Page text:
Convexity helps to approximate the change in price that is not explained by duration. If you go back to the third property of a bond's price volatility you will see that when there is a large change in rates, the duration measure can be way off because of the convex nature of the yield curve.
To calculate convexity the formula is:
Total Price change = (-duration * change in yield * 100) + (C * change in yield squared * 100)
To find the C in the equation, use this equation that has the same notation as duration:
C = V3 +V2 - 2(V1) / 2V1(change in yield) squared
Estimate a Bond's Price Given Duration, Convexity and Change in Yield This is done by simply adding the convexity adjustment and the percentage price change due to duration equations to achieve an estimate that is closer than just a duration measure.
Convexity adjustment to the percentage price change= C* change in yield squared * 100
Example: Total Price Change Using the Stone & Co. bonds that had duration of 5.5, let's add a convexity of 93 and an increase of 150 bps in yield.
Answer: Price Increase Total Price Change = (-5.5 * .0150 * 100) + (93 * .0150 squared * 100) = -8.25 + 2.0925 = 6.157 So if rates increase by 150 bps, the price will decrease by 6.157%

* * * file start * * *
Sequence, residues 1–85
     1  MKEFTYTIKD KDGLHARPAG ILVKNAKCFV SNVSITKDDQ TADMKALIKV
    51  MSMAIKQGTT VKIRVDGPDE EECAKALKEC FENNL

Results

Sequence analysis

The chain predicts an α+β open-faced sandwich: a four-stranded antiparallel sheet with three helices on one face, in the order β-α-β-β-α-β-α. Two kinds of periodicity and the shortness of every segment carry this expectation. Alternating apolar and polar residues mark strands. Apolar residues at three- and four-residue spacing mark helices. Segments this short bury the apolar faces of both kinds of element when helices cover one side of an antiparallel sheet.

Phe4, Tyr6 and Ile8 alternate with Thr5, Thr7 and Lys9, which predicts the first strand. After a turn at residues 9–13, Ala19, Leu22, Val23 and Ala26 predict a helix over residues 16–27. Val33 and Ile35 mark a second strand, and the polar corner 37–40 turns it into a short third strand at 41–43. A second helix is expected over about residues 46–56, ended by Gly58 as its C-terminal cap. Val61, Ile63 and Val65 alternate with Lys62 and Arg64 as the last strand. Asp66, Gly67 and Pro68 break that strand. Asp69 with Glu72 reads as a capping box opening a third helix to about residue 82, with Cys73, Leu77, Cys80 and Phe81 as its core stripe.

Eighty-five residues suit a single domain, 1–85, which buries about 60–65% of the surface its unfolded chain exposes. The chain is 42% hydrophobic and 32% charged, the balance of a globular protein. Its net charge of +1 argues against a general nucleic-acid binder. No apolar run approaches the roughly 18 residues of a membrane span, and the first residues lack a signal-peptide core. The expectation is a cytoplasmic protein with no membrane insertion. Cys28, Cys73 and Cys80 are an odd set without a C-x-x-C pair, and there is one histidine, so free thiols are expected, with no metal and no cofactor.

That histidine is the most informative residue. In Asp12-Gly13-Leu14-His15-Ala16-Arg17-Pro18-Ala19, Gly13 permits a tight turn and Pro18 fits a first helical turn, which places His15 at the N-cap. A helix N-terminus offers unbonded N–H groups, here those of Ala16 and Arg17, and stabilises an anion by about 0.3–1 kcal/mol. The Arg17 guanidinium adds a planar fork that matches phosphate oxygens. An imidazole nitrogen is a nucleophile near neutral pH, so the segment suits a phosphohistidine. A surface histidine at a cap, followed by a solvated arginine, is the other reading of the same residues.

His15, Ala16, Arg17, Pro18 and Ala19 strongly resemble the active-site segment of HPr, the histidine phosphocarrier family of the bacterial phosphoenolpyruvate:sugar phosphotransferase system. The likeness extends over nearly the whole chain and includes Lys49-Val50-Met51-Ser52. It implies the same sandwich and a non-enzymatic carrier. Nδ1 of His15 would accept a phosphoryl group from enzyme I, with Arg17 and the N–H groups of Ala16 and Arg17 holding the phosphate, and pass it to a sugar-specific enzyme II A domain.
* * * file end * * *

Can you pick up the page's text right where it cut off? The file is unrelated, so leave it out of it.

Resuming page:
So if rates decrease by 150 bps, the price will increase by 10.34 %
Again, if you refer to the properties of price volatility, you can see that as rates decrease, the price increase will be greater than the decrease in price when rates rise.
Modified Convexity vs. Effective Convexity With modified convexity the cash flows do not change due to a change in interest rates.
Effective Convexity, on the other hand, assumes that cash flow does change due to a change in interest rates.
When bonds have options, it is best to use effective convexity just like you should use effective duration. For option-free bonds, either convexity measure will be a positive value, whereas when it comes to bonds with options, the effective convexity could be negative even if the modified convexity is positive.